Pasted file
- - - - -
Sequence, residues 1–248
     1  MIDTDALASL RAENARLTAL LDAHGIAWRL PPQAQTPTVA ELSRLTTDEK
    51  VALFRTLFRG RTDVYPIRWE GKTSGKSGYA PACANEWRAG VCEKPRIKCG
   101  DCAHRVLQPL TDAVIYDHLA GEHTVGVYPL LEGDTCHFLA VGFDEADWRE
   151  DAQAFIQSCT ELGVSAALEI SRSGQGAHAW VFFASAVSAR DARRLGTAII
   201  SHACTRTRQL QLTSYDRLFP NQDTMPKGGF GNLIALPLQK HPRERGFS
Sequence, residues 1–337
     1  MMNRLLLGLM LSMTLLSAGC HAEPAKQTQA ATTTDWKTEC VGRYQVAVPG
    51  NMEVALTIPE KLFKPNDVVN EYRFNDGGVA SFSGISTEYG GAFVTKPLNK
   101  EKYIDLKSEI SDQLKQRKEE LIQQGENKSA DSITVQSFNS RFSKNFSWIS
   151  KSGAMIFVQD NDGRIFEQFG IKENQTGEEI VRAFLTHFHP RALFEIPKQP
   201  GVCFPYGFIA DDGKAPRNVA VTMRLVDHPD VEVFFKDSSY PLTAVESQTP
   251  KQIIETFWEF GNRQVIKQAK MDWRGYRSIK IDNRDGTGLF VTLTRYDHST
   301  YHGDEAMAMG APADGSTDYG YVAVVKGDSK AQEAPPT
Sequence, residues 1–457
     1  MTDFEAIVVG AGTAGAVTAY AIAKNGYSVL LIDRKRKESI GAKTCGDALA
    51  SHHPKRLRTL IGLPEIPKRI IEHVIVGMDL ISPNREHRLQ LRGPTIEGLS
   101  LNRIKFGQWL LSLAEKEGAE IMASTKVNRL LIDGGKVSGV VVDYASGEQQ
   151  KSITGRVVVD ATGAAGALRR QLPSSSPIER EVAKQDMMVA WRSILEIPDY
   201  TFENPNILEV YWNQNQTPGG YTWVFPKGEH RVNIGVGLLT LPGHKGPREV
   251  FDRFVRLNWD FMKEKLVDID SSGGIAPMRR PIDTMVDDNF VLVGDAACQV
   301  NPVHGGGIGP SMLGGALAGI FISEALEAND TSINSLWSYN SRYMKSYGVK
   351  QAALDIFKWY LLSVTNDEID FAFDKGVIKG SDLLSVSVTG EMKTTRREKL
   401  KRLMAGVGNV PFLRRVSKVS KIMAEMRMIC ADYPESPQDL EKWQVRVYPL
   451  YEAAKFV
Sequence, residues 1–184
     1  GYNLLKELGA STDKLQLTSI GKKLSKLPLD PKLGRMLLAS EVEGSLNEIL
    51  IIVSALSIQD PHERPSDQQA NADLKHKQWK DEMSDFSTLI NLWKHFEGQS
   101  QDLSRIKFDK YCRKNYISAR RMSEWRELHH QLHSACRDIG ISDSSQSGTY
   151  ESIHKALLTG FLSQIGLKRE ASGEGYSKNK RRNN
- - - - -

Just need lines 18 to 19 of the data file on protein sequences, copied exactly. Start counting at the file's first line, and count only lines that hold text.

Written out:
   101  LNRIKFGQWL LSLAEKEGAE IMASTKVNRL LIDGGKVSGV VVDYASGEQQ
   151  KSITGRVVVD ATGAAGALRR QLPSSSPIER EVAKQDMMVA WRSILEIPDY